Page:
Mike Barry knew it was going to take some incredible play to take down three-time defending champion Kevin Murphy in the men’s championship of the Southern Oregon Golf Championships on Monday.
Still, there’s no way he could’ve scripted the way things panned out in front of a large crowd of onlookers at Rogue Valley Country Club.
“You’d probably have to see it to believe it,” Murphy said of the dramatic conclusion.
One hole after Murphy sent their 36-hole match into extra holes with two of the most clutch shots in tournament history, Barry did him one better with an eagle of his own.
With a miraculous 66-foot putt on the 37th hole, Barry was finally able to separate himself from Murphy and a handful of others by securing his fourth men’s title in the 85th annual event. Barry joins Dick Hanen, who won four men’s championships from 1940-47, in second place behind Eddie Simmons’ six titles earned from 1934-49.
“This one’s No. 1,” Barry, 27, said in ranking his championships. “I don’t think this one will ever be beat by me. It was the funnest round of golf I’ve ever played with a great person and good friend. The shots that we were hitting in there were phenomenal. It was a blast.”
It was a blast that was decided with a thunderous boom as Barry’s improbable putt raced uphill from the front of the green at hole No. 1 and slammed into the back of the cup, eliciting a big ovation by the crowd and a celebratory fist-pump by the typically reserved Barry.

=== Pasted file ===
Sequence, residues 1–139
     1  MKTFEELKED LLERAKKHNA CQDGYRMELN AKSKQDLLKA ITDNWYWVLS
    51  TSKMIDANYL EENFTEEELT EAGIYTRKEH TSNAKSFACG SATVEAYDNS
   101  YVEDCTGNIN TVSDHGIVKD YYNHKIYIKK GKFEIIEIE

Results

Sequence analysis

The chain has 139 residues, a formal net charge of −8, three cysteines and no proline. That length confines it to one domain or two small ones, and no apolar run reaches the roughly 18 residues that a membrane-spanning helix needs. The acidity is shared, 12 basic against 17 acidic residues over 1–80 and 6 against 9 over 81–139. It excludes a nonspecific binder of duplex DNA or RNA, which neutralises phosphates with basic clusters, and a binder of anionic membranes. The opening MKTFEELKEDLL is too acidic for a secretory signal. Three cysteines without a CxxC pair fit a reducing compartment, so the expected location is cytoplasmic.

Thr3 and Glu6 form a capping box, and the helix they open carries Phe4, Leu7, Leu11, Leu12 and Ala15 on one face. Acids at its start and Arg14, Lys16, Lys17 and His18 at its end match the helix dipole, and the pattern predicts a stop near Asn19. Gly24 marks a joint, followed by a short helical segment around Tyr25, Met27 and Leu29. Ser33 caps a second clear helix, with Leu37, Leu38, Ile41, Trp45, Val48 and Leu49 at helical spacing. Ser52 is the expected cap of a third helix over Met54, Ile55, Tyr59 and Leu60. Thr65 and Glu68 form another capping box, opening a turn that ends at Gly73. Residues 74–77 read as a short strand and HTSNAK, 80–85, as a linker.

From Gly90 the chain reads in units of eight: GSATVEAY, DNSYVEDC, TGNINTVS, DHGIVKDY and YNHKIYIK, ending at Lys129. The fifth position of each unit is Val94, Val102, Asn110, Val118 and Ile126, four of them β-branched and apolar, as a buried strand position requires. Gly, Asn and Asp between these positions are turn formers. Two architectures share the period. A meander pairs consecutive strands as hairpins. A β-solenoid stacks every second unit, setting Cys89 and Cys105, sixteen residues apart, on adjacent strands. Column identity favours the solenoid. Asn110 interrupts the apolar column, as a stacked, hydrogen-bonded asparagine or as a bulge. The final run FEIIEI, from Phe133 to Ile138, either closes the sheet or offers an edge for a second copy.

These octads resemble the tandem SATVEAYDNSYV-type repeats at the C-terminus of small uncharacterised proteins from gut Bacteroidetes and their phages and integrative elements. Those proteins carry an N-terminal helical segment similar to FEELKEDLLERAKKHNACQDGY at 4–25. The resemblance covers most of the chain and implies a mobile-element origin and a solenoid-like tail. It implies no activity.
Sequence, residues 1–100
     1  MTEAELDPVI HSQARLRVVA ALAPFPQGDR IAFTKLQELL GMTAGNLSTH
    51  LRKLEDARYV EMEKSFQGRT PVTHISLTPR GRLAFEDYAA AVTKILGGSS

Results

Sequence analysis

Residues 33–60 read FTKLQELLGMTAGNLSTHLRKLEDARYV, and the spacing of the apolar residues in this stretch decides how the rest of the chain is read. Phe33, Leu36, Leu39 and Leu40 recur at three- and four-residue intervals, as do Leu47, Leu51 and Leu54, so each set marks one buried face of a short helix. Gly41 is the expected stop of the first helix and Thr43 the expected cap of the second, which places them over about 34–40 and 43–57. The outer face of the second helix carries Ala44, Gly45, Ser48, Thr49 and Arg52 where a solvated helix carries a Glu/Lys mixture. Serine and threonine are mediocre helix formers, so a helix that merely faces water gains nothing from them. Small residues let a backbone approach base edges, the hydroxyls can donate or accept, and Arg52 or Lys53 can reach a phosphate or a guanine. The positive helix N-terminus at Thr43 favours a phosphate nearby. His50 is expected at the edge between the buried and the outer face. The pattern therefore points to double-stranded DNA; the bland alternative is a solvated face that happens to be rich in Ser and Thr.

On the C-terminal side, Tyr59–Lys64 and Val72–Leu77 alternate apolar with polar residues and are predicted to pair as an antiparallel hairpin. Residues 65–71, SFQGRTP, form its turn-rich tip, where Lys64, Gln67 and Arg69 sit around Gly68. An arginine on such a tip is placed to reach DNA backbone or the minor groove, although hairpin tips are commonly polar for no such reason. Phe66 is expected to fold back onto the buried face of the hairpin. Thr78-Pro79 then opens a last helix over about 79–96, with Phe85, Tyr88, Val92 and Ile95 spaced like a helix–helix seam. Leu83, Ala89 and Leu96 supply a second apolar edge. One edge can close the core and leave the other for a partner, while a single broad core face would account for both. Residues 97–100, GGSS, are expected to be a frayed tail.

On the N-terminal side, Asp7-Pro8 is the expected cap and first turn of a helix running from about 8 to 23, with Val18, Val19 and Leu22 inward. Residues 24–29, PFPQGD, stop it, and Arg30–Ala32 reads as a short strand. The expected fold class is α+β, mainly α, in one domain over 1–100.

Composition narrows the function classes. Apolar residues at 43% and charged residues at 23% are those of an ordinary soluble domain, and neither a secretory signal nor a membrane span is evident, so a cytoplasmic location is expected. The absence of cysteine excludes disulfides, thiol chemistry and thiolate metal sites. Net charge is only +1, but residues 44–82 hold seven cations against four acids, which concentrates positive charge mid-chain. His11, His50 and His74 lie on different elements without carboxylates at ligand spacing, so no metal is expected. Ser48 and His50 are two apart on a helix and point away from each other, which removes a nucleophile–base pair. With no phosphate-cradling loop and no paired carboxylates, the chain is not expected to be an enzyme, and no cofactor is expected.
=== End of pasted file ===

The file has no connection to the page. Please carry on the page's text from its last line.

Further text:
“Putts like that don’t go in,” said the former North Medford High and Oregon State University standout. “It’s unbelievable. It tracked the whole way. I thought I hit it a little firm but it hit the back of the cup and dropped. If it doesn’t hit the hole I’m probably close to the fringe with about a 12-footer to go to another hole.”
Murphy stood halfway between Barry and the hole and, although impressed, still had a shot of his own to force a 38th hole. The incoming Oregon State sophomore attempted to answer but his 30-foot eagle putt barely went alongside the hole.
“I was amazed,” Murphy said of his reaction to Barry’s putt, “but I was still thinking I was going to make mine though. I gave it a run, it just didn’t happen. You can’t really explain what that’s like to have it end like that.”
Even Barry was dumbfounded to put it all into words, choosing first to praise the 20-year-old Murphy for his own heroics about 10 minutes earlier on the 36th hole, No. 18 on the inside course.
“I don’t know what to say right now, I’m numb,” Barry said directly after his post-match handshake. “I hit two of the best shots I’ve ever hit on our 36th hole and Kevin hit the greatest shot I’ve ever seen to 12 feet or whatever it was and then made his putt.”
Barry was 2 up with three holes to play when his par putt missed the mark and opened the door for Murphy. The Rogue River standout lipped out a putt on the 17th hole that might have squared the match, then caught a big break when his tee shot on the 18th hole (36th overall) hit a spectator’s golf cart and was stopped from potentially going into the tree line on the right edge of the hole.